After his 1st deportation, William Akon tries to return to Israel via Addis Ababa on a student visa, only to be sent back to S. Sudan… again.
A South Sudanese man who was enrolled as a student at the Interdisciplinary Center Herzliya before he was deported to Juba earlier this year returned last week on a student visa, and was deported from Ben-Gurion Airport back to South Sudan, The Jerusalem Post has learned.
William Akon returned to Juba in September on a voluntary deportation, after spending nearly five years in Israel. Not long after returning, he and a fellow deportee, former Tel Aviv University student Sunday Dieng, took their savings and moved to Addis Ababa, Ethiopia, where they applied for student visas at the Israel Embassy. They then both decided to stay in Addis Ababa until they received their visas, due to the difficulties and cost of traveling back and forth to Juba.
After almost six weeks staying in a hotel in the city, Akon received notification last Tuesday that he had received his student visa, and went to pick it up at the embassy. He then bought a ticket to Tel Aviv leaving the next day and set off to return to his studies in the government program at the IDC, which he did not manage to finish before he was deported.
According to Akon’s friends, who could not be reached in Juba on Sunday, last Wednesday he arrived at Ben-Gurion Airport and the Population, Immigration and Border Authority (PIBA) officials at the airport revoked his visa and sent him back on the next flight to Addis Ababa. A friend of Akon’s in Tel Aviv said that in Addis Ababa he did not have the money to buy a ticket back to Juba so he had to spend two days at the airport until he could be wired money to fly back.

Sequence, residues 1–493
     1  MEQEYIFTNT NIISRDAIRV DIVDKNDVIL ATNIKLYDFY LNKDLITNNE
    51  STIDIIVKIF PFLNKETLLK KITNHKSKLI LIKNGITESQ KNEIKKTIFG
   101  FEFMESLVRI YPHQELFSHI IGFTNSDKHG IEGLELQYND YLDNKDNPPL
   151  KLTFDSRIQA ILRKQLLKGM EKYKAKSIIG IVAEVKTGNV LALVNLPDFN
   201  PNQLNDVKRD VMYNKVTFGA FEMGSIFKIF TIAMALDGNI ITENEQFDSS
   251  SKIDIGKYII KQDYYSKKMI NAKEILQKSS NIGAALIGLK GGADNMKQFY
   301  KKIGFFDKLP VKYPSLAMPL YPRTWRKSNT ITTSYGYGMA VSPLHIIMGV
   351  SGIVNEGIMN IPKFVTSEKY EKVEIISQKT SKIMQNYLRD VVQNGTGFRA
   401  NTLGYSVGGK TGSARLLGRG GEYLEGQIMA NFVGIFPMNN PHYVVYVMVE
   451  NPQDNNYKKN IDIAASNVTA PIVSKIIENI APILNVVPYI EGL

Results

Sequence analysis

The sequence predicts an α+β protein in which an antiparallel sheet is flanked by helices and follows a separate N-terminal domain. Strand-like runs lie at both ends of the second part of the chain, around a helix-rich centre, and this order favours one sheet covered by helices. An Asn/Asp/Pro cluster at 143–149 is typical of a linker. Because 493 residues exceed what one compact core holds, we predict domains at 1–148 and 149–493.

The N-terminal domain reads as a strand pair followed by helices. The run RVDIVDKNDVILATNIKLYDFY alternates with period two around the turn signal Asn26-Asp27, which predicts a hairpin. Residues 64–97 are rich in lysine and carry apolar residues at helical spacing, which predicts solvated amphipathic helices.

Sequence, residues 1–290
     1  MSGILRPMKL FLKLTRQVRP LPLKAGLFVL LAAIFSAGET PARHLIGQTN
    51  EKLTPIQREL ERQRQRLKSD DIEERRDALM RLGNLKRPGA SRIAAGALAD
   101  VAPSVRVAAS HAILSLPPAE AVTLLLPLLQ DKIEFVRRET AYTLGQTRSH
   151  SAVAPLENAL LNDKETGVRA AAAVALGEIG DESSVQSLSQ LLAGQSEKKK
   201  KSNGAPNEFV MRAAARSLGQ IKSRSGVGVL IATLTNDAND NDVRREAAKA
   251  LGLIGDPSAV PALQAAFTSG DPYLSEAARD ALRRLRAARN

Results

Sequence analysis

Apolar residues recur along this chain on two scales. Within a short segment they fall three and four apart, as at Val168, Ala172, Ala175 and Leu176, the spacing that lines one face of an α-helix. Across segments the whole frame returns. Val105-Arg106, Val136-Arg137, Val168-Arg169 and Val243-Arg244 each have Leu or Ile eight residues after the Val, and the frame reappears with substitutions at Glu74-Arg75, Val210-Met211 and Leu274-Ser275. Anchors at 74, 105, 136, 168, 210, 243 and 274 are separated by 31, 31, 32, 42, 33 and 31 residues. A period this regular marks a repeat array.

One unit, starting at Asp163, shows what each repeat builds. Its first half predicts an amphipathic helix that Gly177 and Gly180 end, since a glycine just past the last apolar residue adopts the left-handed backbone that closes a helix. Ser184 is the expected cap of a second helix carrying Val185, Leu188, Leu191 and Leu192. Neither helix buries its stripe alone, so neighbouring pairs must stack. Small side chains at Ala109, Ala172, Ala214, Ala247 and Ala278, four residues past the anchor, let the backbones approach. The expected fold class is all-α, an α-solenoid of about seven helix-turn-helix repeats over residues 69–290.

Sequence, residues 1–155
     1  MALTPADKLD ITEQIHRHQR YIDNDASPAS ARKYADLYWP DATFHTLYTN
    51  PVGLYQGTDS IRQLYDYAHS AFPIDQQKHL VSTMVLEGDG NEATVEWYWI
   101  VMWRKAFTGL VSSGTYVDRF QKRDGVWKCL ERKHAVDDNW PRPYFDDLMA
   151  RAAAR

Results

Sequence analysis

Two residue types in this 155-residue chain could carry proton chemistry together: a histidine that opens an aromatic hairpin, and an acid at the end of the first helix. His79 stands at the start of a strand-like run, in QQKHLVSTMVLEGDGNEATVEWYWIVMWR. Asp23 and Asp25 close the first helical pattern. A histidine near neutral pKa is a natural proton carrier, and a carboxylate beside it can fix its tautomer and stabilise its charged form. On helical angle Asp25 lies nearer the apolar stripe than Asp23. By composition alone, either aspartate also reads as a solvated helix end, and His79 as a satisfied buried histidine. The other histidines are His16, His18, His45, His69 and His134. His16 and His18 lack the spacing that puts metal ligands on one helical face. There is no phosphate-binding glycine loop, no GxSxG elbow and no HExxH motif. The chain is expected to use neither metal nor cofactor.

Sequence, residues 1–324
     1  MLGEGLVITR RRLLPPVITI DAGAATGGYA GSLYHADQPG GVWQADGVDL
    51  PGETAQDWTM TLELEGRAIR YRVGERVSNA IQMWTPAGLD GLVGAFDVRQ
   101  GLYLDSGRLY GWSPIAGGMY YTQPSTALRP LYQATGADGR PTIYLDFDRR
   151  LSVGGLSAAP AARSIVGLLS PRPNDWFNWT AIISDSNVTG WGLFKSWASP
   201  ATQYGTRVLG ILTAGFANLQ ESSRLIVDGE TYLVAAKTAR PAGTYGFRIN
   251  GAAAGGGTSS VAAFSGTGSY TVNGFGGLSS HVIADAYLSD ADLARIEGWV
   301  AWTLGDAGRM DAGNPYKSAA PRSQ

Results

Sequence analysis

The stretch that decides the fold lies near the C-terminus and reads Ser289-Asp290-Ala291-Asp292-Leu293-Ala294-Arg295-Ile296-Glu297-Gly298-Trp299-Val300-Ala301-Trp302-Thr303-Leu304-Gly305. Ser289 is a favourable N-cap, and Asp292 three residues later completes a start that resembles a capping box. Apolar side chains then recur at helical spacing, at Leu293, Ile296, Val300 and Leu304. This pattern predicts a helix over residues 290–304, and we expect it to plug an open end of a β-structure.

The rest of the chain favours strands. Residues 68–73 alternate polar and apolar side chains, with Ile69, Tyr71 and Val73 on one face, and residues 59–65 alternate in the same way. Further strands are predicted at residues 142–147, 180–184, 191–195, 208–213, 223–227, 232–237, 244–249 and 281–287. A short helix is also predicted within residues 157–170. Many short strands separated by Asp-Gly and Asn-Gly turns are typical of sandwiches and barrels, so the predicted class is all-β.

Speaking to the Post on Sunday from Juba, Dieng said that he returned to South Sudan two weeks earlier, after his money ran out in Addis Ababa. Dieng said that he had spent around $1,600 on hotel stays in the Ethiopian capital, as well as the $600 round trip ticket from Juba. He said that Akon had spent a similar sum, in addition to the $750 ticket from Addis Ababa to Tel Aviv.
Dieng said he went back early to Juba where he is now waiting to receive his visa, which he said he was informed by the embassy in Ethiopia this week will be ready for him in the coming days.
Dieng said that on Monday he and Akon plan on trying to arrange a meeting with members of the South Sudanese Foreign Ministry, in order to ask for their assistance in sorting out the visa issue.
Sabine Haddad, a PIBA spokeswoman, said Sunday that as an “infiltrator” Akon would not have been eligible to receive a legal visa to return to Israel after deportation. Haddad said that she is aware of the incident but that the visa was not given by PIBA or the Interior Ministry. She said that whoever gave it out did so by mistake, and should ask the Foreign Ministry for an explanation.
The Foreign Ministry said that while he wasn’t familiar with Akon’s case, the ministry serves as the Interior Ministry’s subcontractor for consular issues abroad. In the case of work or student visas, Israeli embassies and consular offices abroad have the legal right to approve such applications, and use the Interior Ministry computer system to do so, he added.
According to Akon, his time in Israel began when he entered illegally by himself in 2007 after spending seven years as a refugee in Egypt. As a child he was abducted by northern Sudanese militia men who sold him into slavery to a family that abused him until he fled three years later. Eventually he made his way to Egypt, and later to Israel.
In Israel, Akon enrolled in the government program at the IDC, and when the government made the decision to begin deporting South Sudanese citizens earlier this year, his fellow students at the IDC launched a campaign to prevent his deportation, an effort that eventually failed, and Akon returned to Juba in a willful deportation in September.
Speaking to the Post in the midst of the IDC student-led campaign to cancel his deportation, Akon spoke of what he hoped to accomplish if he managed to stay in Israel to attain his government degree.
“I could be an ambassador. Why not? I know Hebrew, I know about Israel. I can be an ambassador or diplomat, or work at the Israeli embassy in South Sudan.”
View original Jerusalem Post publication at: http://www.jpost.com/NationalNews/Article.aspx?id=295232